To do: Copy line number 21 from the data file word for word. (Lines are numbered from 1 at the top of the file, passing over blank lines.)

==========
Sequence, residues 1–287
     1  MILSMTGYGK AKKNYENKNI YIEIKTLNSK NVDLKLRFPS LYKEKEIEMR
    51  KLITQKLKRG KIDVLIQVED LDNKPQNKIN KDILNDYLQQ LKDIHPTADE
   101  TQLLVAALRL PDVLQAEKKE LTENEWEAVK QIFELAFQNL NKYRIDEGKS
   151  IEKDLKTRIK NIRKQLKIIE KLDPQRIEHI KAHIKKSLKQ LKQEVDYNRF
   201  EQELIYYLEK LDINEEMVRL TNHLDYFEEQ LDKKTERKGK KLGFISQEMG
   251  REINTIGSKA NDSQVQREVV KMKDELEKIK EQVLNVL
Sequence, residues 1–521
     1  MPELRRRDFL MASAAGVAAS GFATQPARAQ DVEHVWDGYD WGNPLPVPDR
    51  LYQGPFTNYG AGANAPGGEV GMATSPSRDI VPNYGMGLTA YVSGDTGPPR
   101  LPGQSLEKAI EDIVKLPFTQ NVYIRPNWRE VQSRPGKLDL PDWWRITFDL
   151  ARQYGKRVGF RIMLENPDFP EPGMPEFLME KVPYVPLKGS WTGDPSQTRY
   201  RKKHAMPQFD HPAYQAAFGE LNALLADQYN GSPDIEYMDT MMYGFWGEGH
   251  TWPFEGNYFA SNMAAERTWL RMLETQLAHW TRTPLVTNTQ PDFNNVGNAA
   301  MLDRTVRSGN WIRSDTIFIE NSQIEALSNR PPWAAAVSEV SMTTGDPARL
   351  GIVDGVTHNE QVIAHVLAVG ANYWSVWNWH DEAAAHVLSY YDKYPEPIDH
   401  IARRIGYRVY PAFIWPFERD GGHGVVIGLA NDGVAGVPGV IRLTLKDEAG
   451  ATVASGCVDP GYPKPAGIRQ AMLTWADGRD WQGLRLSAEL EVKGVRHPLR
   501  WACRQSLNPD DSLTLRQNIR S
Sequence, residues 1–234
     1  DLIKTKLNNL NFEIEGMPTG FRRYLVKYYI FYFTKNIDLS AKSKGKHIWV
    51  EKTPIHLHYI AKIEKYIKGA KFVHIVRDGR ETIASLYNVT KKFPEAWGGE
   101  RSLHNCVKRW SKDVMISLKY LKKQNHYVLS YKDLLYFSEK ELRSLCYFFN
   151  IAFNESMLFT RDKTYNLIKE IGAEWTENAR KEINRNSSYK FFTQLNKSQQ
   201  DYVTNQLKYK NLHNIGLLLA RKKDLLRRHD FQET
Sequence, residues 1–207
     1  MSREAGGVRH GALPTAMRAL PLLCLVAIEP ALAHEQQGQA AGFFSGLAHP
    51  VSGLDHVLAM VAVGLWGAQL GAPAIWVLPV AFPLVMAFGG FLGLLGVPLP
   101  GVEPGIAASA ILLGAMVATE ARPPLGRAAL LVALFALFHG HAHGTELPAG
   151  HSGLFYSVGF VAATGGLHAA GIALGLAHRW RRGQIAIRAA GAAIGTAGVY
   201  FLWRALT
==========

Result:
     1  DLIKTKLNNL NFEIEGMPTG FRRYLVKYYI FYFTKNIDLS AKSKGKHIWV